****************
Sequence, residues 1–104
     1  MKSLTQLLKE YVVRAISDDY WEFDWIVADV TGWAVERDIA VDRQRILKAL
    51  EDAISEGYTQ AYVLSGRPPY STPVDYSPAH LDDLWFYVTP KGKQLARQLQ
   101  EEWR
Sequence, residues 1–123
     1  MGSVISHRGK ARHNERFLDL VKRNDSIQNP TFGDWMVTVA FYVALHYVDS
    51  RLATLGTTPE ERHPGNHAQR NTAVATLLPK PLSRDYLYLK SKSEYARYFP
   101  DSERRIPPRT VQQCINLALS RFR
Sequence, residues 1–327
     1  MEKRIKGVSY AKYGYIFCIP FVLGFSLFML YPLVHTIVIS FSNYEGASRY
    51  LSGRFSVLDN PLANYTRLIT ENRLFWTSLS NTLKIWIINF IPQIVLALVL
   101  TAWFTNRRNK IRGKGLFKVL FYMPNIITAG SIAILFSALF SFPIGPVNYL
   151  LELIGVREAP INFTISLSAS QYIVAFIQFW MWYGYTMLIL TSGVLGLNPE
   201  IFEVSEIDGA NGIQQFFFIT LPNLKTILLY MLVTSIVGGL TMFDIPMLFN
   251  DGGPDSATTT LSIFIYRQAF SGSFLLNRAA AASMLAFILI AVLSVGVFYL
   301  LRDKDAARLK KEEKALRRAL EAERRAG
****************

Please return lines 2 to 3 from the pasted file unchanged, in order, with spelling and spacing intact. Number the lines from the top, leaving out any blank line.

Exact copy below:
     1  MKSLTQLLKE YVVRAISDDY WEFDWIVADV TGWAVERDIA VDRQRILKAL
    51  EDAISEGYTQ AYVLSGRPPY STPVDYSPAH LDDLWFYVTP KGKQLARQLQ